Skip to comments.The Political Landscape After 2012
Posted on 11/17/2012 5:50:18 PM PST by neverdem
Like death, taxes, and the sun rising in the east, there is nothing more certain after a presidential election than a swift and usually overwrought round of analysis and advice for the losers. So it is this year for Republicans. If you Google “Republicans Whigs,” and confine your search to the past week, you will find multiple pages dedicated to the proposition that demographic trends are waiting to overwhelm the Republican Party, which is now a regional rump party awaiting extinction.
I’ve written some 75,000 words on the broad topic of demographic trends and realignments, and this election hasn’t done much to alter my thinking. There will be plenty more to say on this after the final votes are counted, exit polls are further refined, and other data sources, such as the CPS, are made available. For now, I think it is useful to take a look at the overall standing of the parties, and not just in the presidential race. Just looking at the numbers the Republican Party, overall, is actually in pretty good shape. Of course, that doesn’t mean it isn’t set for a major decline; this could be a high point. But it does mean the Party would be starting its decline from a pretty high peak.
The following two charts show the percentage of House and Senate seats held by Republicans since World War II:
As you can see, Republicans are still almost at a postwar high in the House of Representatives, with only 1946 and 2010 resulting in a larger share of the chamber going Republican. This is somewhat due to redistricting (more on that in a subsequent article). But even if you assume that redistricting saved the party 20 seats -- a very generous assumption...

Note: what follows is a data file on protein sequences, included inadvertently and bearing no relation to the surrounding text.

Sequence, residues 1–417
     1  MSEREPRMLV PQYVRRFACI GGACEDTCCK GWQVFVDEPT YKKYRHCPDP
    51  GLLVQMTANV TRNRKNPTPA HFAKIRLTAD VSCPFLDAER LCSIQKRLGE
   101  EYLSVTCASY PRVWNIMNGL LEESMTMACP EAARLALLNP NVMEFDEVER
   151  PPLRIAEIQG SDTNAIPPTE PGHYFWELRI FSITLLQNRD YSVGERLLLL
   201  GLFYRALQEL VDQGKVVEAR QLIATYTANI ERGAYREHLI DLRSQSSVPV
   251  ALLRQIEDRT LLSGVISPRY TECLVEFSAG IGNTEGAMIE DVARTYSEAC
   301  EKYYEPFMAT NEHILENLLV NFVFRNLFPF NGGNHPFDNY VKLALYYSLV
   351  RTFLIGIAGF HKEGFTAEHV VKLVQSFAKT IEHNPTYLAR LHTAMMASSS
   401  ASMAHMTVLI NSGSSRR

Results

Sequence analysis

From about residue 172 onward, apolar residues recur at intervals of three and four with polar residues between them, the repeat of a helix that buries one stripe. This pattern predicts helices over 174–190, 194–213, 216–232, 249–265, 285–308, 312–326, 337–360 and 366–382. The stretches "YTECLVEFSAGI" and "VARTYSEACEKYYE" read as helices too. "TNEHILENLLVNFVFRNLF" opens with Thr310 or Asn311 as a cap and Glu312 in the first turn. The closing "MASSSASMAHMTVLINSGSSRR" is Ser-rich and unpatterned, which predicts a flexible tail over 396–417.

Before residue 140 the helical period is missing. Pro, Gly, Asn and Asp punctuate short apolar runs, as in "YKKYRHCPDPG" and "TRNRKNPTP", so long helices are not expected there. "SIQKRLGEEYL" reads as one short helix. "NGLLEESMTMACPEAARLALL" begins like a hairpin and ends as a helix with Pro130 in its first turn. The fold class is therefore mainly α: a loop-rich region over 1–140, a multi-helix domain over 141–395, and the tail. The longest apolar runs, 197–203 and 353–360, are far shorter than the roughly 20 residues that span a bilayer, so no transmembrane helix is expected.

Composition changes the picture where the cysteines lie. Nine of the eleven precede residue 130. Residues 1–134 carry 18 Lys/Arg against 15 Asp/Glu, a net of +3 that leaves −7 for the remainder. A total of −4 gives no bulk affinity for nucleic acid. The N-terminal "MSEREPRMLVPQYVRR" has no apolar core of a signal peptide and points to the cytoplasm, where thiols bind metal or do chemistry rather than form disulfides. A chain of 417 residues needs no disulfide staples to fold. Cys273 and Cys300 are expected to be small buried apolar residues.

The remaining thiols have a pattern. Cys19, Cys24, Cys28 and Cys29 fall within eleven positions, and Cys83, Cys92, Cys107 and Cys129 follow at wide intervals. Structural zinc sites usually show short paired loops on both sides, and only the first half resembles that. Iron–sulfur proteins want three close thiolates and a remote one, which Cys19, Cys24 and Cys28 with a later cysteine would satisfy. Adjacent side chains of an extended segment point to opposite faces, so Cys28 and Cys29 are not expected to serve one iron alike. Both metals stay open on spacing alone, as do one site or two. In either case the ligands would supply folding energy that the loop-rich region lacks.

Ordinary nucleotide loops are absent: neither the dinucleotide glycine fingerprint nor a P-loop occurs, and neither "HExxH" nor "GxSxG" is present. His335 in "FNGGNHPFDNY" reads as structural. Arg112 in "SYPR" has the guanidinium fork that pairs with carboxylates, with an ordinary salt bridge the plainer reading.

(Excerpt) Read more at realclearpolitics.com ...
Obama used his Executive Pen to create 12,000,000 Hispanic voters this past summer, which should not go without mention in what would have otherwise been a different outcome in numerous races (about 13 in the Congress and Senate).
The problem for those in the GOP that the MSM calls the Religious Right is that many in the Religious Left (Catholic & Black) put those very values into question to the nonbelievers and within the religious community.
The real challenge to attend first for the GOP is use every one of the 30 governors to enact Voter ID laws and seek bipartisanship measures with Democrat Governors/Independents to also enact Voter ID laws.
Republicans did great in the states but crappy at the national level. They do good in midterms but bad in POTUS elections.
Just a few comments:
First, the econometric models argued for Obama to lose by 2 points. He won by 2 points. This was outside the margin of error.
Second, race and gender trumped the economy for many voters. My guess is that the Democrats will have to have a minority on the ticket in 2016 to replicate this year’s winning formula. But, who would that be?
Third, we had a problem with white ethnics when they were arriving here in big numbers. But, we started to get their votes as they rose up the economic ladder. I think this pattern will exhibit itself with Asians and Hispanics. Blacks, on the other hand, are very race conscious. We just have to keep plugging away at the identity thing.
Fourth, I can think of a dynamic candidate on our side, who was supposed to be our VP candidate this year. Photogenic. Great Speaker. A Horatio Alger story. A gorgeous wife. From a must-win Purple state. And, a Tea Party favorite. He could be the next Ronald Reagan.